Something similar happens in your second example. For a functor to preserve colimits is a property. So a colimit preserving functor is actually two pieces of data: a 1-morphism (the functor) and a (hell of a lot of) 3-morphism(s). A natural transformation of this should be a 2-morphism and a (bunch of) 4-morphism(s), except that 4-morphisms always canonically exist.

Here is a very good exercise, to test your 2-category-fu.

  1. You know what is the 2-category of strong monoidal categories. Fix a strong monoidal category $(C,\otimes,1,\alpha,\lambda,\rho)$. Write down the 2-category of strong $C$-categories, which is to say categories $X$ with a $C$-action. I'll start. A $C$-category is: (0-morphisms) a category $X$; (1-morphisms) a functor $\otimes: C \times X \to X$; (2-morphisms) ...; (3-morphisms) .... I'll let you figure out what the rest is. I'll also let you figure out what 1-morphisms of $C$-categories are and what are the 2-morphisms.

  2. Repeat the exercise, but this time fix a symmetric structure on $C$, and figure out which are the symmetric $C$-categories. Hint: if $X$ is a symmetric $C$-category, then it shouldn't matter whether $C$ acts from the left or from the right.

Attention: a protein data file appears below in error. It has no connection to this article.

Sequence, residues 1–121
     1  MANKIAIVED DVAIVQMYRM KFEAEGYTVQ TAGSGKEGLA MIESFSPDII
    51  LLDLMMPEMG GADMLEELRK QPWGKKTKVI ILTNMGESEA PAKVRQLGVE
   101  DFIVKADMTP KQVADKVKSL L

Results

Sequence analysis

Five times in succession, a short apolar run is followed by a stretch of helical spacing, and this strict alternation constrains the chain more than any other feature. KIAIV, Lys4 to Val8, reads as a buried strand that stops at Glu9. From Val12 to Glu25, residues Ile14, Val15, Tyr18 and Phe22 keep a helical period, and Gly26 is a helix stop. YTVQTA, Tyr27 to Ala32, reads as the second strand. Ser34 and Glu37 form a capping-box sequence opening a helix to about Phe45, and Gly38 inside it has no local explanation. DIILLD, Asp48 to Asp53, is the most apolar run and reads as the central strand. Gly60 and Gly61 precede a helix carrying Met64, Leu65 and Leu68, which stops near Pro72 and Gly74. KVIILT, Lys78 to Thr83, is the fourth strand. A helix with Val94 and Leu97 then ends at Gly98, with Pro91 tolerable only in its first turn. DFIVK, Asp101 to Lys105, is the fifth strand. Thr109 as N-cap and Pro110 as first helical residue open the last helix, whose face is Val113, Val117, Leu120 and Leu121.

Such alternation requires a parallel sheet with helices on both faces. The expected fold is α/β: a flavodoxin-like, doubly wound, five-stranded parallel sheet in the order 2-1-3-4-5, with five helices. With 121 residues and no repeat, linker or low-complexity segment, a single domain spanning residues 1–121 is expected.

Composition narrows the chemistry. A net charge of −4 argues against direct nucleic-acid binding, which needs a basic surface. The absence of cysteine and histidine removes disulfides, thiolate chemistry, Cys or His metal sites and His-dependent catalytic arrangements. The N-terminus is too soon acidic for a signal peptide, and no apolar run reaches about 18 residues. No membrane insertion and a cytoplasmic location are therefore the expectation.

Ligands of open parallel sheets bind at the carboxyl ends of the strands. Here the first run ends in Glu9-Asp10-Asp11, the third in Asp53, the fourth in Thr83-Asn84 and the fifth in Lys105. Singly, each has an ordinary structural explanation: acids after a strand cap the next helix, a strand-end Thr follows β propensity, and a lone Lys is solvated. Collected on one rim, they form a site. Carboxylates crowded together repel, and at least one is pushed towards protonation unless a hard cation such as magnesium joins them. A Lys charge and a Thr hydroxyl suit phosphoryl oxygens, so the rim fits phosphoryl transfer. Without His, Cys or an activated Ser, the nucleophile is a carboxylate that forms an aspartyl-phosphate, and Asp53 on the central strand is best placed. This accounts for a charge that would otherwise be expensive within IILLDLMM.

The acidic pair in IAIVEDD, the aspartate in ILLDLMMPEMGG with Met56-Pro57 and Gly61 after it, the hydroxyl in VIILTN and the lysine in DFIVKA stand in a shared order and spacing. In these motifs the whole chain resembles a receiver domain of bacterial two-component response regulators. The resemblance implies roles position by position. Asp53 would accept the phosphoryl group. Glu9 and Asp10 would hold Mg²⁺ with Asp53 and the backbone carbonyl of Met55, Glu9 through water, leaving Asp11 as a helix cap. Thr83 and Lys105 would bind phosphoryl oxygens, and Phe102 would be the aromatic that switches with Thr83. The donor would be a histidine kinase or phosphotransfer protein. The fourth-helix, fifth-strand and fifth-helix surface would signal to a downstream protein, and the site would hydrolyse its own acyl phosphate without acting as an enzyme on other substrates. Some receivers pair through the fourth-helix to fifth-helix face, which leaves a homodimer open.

3. Just like not every monoidal functor is symmetric, not every $C$-category is symmetric. How much extra is being symmetric? At which levels of morphisms of $C$-categories do you need to demand more data/properties/...?

  • $\begingroup$ I'm not sure I agree entirely with your description of the second example. A colimit-preserving functor has a 2-morphism as well: the comparison isomorphism between the image of the colimit and the colimit of the image. It just so happens that that isomorphism is uniquely determined if it exists. $\endgroup$ Feb 7, 2011 at 6:04
  • $\begingroup$ Hrm. No, I disagree. In part, I disagree because I don't think "the colimit" is as well-defined as your comment implies (although I think you'll agree with me). Namely, a colimit of a diagram is any initial cocone over the diagram. So when I say that a functor "preserves colimits", what I'm saying is that any colimit cocone you feed into it comes out as some colimit cocone. In particular, I disagree that the comparison isomorphism should need to exist. $\endgroup$ Feb 7, 2011 at 18:24